Become our sponsor and display your banner here
Page 1 of 3 123 LastLast
Results 1 to 10 of 28

WW1 .303 Inspection Rounds - the "motherload"

Article about: A few more bits coming out the WW1 section of my site. More drill rounds, in stripper clips and loose, plus what I am assuming is part of a pocket watch - am I wrong? cheers Matt

  1. #1

    Default WW1 .303 Inspection Rounds - the "motherload"

    I have been searching a site that I knew to be part of a WW2 camp used by the Canadians, and have recently been finding items dating back to WW1, most notably a 1914 pattern Maple Leaf cap badge, used I believe by the Canadian Expenditionary Force.

    While pocking around with my trusty Garrett pro-pointer on a bank and ditch arrangement that I believe is the boundary of the WW1 site, I came across a .303 round, then another, and another and another...... All were within a few inches of the top of the bank and had obviously been dumped as a pile and lightly covered over. So far I have recovered over 300 of what I now know to be .303 Inspection rounds - no blast cap, and no cordite and totally inert. Some have the remains of the coating (chrome) to allow the armourers to source the causes of feed problems. I have put a photo of a handful of the head to show the lack of blast cap - sorry for the crappy photo

    Most of the headstamps are in a fairly poor state but have managed to clean up a few and have one dated 1912.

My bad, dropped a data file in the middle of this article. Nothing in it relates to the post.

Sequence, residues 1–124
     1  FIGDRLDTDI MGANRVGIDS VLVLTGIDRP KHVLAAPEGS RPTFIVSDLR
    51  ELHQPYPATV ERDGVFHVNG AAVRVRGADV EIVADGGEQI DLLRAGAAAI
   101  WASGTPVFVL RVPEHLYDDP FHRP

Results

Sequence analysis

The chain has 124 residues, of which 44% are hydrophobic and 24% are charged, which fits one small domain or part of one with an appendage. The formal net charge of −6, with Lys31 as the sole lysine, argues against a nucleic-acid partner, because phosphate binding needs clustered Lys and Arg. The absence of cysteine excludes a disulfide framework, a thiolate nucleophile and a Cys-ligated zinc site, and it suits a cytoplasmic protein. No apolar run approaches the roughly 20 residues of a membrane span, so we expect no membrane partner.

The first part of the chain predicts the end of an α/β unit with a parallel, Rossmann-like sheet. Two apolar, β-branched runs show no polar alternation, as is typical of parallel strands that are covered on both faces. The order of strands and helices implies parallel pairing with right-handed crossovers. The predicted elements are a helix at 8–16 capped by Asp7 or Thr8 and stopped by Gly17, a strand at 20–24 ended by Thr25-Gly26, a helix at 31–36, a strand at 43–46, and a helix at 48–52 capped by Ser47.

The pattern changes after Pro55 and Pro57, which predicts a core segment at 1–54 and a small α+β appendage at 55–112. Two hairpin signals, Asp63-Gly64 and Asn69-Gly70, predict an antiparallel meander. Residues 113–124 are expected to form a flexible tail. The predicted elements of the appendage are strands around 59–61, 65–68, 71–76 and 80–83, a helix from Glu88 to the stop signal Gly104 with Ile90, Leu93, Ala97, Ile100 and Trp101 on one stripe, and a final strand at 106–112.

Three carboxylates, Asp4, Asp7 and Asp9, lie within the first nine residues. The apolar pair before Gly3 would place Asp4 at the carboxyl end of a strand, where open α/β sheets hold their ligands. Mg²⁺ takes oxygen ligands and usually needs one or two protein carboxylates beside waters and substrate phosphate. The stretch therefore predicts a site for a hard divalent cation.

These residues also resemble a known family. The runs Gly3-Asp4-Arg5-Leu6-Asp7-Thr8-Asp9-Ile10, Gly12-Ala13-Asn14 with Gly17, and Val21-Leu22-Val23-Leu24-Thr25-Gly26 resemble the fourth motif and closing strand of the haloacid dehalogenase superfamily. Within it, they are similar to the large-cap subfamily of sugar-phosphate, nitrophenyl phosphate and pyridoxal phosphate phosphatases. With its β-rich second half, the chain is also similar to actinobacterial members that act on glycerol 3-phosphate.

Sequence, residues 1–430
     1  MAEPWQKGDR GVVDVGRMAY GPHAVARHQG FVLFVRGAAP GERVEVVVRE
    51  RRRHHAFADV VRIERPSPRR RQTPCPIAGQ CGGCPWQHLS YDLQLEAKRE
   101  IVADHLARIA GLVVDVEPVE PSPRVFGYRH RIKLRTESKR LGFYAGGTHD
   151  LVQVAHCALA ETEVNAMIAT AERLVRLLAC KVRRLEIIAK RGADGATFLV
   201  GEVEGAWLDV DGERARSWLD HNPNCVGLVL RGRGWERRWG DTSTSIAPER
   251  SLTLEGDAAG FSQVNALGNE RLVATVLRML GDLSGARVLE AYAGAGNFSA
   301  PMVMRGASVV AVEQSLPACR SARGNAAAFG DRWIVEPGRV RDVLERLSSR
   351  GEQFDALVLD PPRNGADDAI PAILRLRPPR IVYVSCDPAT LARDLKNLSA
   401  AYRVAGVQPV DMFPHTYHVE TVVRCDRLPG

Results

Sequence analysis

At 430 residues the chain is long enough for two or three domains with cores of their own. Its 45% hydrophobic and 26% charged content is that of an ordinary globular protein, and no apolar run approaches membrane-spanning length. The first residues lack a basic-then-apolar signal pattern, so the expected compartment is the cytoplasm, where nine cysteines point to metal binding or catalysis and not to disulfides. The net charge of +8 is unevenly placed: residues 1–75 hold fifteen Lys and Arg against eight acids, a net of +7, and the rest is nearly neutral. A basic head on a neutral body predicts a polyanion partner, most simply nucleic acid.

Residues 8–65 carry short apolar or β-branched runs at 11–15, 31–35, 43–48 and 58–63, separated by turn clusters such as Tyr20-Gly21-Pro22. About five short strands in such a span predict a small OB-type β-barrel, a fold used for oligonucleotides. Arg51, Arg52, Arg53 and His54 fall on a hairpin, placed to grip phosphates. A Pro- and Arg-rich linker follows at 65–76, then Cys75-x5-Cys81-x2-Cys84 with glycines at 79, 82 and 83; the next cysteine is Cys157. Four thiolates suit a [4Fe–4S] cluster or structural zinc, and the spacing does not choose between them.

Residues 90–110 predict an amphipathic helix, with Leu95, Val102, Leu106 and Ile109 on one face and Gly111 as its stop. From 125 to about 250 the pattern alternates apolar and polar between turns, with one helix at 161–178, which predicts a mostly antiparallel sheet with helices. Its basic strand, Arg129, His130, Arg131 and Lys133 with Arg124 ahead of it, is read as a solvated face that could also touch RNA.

Here are the pictures of the first 240 or so that I found, along with a few stripper clips with the remains of training rounds (drilled)

    Click image for larger version. 

Name:	IMG_5252.jpg 
Views:	13 
Size:	203.6 KB 
ID:	369476Click image for larger version. 

Name:	IMG_5253.jpg 
Views:	5 
Size:	185.4 KB 
ID:	369475Click image for larger version. 

Name:	IMG_5254.jpg 
Views:	6 
Size:	95.8 KB 
ID:	369474

  2. #2

    Default Re: WW1 .303 Inspection Rounds - the "motherload"

    Good lord ! What a find !!!

    If you use one of those tough metal scourers followed by a Brillo pad, you should be able to clean the heads up enough to read the stamp

    These are the ones I mean....

    Click image for larger version. 

Name:	4-tough-scourers.jpg 
Views:	1 
Size:	74.8 KB 
ID:	369552

    I cup my hand with the scourer in it, get it full of hot soapy water then 'twist' the base of the cartridge in amongst the steel ribbons whilst pushing down hard. Usually gets the heads back to shiney



    Fantastic find.......all you need now is to clean them up, buy a 250 rnd Vickers belt, load it up with your finds, and you got yourself one hell of an awesome display piece

    Steve T

  3. #3
    ?

    Default Re: WW1 .303 Inspection Rounds - the "motherload"

    Harry - I have answered your question about the headstamp over on the cartridge forum before I saw these pictures.

    The rounds are definitely the Canadian local pattern of the Inspectors' Mak IV.

    See here: http://www.warrelics.eu/forum/ordina...stamps-196925/

    One small point - these rounds were chromed to clearly identify them as dummy rounds to avoid any nasty mistakes with live rounds. It was not for finding feed problems. Most Inspectors rounds ended up too scratched anyway!.

    Regards
    tonyE